Most people don’t get a text from Bono in the middle of the night.
But Jon Kamen, the CEO, chairman and co-founder of RadicalMedia, found himself fighting off jet lag on a recent business trip to Japan as he fielded messages from the U2 frontman. That pair had worked together on the One campaign, the musician’s push to eradicate AIDS and poverty in Africa, and this time Bono needed help launching ticketing for the band’s upcoming residency at Las Vegas’ newly launched venue, the Sphere. Kamen assured him that there was someone on staff who could help him.
“I said, ‘let me call this guy and see if he can come up with something,’” he remembers. “We needed to turn this thing around in ridiculous time. I go to bed in Japan. Bono gives me a good recommendation for a restaurant in Kyoto. I’m dreaming of sushi, and I wake up at seven in the morning to get ready for and the young man out of our L.A. office has already edited and cut something together.”
After Kamen’s sent him the work, Bono quickly texted back — “holy shit. How did this happen so fast?”
Kamen is recounting all of this from his office on Hudson Street in the West Village (that weekend, he’ll head to Sin City to watch U2). RadicalMedia has been headquartered in that section of Manhattan for 30 years, moving there long before it was the apotheosis of hip and cool — which may be why the company can afford such a sprawling space, one that overflows with editing bays, interview rooms and stunning views of the city.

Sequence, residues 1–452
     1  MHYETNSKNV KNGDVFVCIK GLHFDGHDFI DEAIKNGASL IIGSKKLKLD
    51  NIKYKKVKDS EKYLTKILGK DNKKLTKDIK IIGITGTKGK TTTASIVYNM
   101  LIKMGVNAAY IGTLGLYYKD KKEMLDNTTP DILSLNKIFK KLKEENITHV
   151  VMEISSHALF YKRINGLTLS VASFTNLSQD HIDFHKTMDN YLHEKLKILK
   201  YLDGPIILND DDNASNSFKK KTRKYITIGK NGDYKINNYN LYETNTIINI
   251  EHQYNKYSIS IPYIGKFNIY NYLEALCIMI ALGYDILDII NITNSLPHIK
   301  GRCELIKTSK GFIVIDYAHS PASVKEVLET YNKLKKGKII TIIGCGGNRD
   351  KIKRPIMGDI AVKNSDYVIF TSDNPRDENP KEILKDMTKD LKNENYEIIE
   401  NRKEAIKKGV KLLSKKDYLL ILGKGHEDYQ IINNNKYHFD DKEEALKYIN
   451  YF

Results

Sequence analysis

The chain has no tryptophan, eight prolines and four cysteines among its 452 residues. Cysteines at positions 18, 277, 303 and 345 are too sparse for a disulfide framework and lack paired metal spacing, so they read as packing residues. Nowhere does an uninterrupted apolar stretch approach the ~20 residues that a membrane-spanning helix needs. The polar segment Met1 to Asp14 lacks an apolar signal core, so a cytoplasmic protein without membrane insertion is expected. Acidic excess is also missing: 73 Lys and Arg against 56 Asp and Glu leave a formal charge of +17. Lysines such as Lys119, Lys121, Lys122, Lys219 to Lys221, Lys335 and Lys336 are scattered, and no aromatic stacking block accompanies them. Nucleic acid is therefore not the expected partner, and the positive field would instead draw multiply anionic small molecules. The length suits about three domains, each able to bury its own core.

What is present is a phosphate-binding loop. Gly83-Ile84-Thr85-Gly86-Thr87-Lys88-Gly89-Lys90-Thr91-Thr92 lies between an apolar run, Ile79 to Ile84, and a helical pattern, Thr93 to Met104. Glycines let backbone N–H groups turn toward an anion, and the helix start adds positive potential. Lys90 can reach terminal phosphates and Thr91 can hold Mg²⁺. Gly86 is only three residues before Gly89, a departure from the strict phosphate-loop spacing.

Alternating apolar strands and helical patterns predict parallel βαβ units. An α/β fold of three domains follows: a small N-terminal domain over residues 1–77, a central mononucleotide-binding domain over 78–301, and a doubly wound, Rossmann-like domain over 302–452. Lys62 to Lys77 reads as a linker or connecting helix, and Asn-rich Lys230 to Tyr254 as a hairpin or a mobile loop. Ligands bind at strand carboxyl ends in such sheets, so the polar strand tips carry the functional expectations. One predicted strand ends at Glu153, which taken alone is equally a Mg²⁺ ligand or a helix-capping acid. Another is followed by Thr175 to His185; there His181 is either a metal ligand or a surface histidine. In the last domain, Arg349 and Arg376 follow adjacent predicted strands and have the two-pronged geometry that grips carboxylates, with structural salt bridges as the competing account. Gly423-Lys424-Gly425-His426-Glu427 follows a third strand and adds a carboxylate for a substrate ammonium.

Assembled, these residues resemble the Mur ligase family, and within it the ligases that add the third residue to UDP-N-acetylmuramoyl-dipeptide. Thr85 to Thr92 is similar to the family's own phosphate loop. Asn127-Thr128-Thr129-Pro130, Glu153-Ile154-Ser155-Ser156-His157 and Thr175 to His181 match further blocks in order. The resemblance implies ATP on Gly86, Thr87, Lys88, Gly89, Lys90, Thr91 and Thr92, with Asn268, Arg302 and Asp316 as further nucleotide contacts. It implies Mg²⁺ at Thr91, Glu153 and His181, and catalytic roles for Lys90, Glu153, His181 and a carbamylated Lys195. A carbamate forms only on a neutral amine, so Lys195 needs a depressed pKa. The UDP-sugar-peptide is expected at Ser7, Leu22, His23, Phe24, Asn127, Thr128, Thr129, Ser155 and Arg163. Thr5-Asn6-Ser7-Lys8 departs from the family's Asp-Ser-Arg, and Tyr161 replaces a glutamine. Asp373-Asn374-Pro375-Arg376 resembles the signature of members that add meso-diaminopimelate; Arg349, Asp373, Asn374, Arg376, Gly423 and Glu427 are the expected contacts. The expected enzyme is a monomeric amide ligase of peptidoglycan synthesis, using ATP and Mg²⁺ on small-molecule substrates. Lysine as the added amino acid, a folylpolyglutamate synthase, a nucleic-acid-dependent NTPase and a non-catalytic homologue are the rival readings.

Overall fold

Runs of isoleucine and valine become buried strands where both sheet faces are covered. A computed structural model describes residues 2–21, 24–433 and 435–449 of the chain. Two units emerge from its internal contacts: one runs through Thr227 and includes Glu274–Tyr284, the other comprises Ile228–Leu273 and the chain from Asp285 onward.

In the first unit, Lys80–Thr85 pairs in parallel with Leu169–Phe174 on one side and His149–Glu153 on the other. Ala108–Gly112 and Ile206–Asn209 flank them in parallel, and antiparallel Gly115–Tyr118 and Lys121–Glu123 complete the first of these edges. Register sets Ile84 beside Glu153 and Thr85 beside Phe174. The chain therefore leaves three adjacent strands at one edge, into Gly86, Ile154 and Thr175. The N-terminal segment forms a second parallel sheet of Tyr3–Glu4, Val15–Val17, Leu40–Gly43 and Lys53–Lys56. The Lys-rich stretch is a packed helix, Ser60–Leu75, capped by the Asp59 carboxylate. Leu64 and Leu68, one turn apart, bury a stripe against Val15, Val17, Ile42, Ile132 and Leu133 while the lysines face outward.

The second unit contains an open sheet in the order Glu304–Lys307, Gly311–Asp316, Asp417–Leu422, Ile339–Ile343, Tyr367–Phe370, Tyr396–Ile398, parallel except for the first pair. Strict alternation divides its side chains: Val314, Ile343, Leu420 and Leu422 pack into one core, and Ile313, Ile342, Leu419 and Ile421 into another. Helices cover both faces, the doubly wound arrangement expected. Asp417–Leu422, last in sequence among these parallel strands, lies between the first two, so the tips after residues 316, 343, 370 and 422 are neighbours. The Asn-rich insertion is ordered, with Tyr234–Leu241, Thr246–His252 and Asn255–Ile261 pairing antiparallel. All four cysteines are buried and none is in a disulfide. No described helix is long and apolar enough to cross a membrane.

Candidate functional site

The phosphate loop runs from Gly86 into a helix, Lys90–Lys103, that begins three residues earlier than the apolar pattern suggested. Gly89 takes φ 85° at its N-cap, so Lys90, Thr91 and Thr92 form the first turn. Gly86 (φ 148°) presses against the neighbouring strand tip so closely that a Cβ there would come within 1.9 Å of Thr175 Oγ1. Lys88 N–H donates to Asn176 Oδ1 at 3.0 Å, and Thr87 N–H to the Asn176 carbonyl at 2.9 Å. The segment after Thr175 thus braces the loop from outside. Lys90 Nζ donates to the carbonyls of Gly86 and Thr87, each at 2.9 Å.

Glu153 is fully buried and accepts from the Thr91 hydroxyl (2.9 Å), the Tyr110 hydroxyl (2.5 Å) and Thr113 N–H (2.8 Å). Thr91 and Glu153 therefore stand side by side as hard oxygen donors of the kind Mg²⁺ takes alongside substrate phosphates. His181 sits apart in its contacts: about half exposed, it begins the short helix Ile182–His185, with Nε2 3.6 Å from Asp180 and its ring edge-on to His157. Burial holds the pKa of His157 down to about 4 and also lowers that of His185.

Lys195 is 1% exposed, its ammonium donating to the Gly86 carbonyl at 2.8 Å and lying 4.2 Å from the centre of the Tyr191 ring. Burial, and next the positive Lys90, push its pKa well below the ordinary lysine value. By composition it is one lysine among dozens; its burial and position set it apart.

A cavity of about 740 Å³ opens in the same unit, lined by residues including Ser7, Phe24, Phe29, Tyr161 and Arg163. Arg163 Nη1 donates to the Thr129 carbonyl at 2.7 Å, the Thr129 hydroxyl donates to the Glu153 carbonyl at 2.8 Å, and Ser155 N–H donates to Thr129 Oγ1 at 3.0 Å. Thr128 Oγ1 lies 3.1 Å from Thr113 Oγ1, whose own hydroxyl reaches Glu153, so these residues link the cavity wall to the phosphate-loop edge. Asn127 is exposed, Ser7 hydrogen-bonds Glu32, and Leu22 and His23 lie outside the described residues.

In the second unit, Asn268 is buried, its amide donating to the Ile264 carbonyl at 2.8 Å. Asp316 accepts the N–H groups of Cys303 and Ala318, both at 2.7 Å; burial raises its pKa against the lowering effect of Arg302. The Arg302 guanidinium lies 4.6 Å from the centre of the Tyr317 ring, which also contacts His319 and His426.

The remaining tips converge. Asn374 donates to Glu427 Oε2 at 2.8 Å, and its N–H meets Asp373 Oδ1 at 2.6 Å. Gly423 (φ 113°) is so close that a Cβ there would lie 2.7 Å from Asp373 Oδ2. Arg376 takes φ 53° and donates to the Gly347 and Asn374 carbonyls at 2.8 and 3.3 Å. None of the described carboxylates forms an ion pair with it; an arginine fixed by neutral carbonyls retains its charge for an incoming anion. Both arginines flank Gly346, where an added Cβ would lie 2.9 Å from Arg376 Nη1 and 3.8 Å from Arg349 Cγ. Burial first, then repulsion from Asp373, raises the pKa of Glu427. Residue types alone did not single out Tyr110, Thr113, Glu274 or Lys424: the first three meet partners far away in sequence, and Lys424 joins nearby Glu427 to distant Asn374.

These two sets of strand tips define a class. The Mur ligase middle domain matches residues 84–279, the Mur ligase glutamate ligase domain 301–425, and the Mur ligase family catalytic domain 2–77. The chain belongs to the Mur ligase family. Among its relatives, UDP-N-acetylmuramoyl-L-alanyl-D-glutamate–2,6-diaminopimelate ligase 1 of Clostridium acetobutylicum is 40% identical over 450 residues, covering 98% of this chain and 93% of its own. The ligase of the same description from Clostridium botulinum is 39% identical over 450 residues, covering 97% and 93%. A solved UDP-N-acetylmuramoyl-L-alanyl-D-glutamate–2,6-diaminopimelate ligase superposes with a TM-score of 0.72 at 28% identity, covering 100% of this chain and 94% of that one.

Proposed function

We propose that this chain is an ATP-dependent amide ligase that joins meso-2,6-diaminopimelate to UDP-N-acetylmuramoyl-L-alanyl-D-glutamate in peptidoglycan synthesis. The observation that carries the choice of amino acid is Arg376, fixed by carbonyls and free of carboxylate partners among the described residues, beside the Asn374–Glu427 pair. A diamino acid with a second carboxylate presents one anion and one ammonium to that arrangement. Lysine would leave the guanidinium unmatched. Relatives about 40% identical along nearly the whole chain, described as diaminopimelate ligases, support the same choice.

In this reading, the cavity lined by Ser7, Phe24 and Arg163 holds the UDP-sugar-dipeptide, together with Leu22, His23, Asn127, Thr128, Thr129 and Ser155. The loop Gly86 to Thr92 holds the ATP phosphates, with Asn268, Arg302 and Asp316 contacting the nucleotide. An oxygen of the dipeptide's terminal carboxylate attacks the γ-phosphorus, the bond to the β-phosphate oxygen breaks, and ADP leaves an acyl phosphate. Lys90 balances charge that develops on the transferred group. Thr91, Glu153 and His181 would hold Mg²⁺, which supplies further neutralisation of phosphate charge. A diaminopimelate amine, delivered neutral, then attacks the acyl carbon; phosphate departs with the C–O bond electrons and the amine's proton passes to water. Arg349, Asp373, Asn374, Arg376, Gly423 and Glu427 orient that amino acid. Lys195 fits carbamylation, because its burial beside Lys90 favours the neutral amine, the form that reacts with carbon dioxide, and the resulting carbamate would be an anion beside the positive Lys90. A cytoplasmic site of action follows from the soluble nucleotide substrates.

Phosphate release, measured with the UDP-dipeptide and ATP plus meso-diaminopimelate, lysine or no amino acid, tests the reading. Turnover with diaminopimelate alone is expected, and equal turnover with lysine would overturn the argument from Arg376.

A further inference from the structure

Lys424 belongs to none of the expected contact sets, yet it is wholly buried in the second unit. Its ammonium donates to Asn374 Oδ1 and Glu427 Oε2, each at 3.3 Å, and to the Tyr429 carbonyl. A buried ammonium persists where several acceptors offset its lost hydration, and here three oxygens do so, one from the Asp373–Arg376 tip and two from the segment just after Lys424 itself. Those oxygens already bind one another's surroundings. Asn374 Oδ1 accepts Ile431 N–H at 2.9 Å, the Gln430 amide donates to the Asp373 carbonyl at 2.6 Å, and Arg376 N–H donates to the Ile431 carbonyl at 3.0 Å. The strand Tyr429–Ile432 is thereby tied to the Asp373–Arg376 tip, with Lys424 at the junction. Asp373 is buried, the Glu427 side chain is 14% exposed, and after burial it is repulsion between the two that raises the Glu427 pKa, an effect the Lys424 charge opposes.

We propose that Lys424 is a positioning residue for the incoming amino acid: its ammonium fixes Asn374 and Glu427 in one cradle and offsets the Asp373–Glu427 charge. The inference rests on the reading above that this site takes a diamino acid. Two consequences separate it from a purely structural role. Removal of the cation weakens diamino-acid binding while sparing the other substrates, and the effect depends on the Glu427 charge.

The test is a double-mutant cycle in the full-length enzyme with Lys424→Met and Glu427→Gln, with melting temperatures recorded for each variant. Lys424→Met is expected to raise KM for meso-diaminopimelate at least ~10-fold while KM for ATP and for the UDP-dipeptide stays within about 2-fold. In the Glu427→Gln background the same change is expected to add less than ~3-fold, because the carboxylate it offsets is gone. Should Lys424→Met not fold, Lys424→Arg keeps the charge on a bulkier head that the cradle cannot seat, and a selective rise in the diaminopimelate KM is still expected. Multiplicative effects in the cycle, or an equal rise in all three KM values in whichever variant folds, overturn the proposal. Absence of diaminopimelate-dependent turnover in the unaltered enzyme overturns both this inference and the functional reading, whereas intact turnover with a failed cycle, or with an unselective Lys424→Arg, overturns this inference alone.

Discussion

“There were a lot of people who were migrating to the West Coast at the time,” Kamen remembers. “I was a born and bred New Yorker, so I decided to stay. And we were able to build out this place at a time when real estate was cheap and we could have a fabulous Katz’s Deli opening night party to celebrate.”
In those days, Kamen and his fellow co-founder, Frank Scherma, were convinced that the old approach to advertising was growing stale and that emerging platforms like the internet were about to shake things up.
“I remember listening to this speech by the then chairman of a very conservative Procter and Gamble who suggested the industry wasn’t paying attention to the changes that were taking place,” Kamen remembers. “He actually used the word ‘radical’ to describe the disruption that was going to grip the media landscape. I thought, that sounds like a pretty good name for a company.’”
And RadicalMedia quickly impressed, working with the likes of Grey Goose, American Express, Target and Nike to produce original content and branded entertainment that had a visual flair and narrative drive. But it soon moved beyond sponsored material and into feature films, television and non-fiction programming, winning Oscars for producing “Summer of Soul,” Ahmir “Questlove” Thompson’s look at the 1969 Harlem Cultural Festival, and “The Fog of War,” Errol Morris’s documentary on U.S. Secretary of Defense Robert McNamara. It also produced the Emmy-winning pilot for “Mad Men,” as well as “My Next Guest Needs No Introduction with David Letterman,” “Jeffery Epstein: Filthy Rich” and the acclaimed and Oscar-nominated “What Happened, Miss Simone?”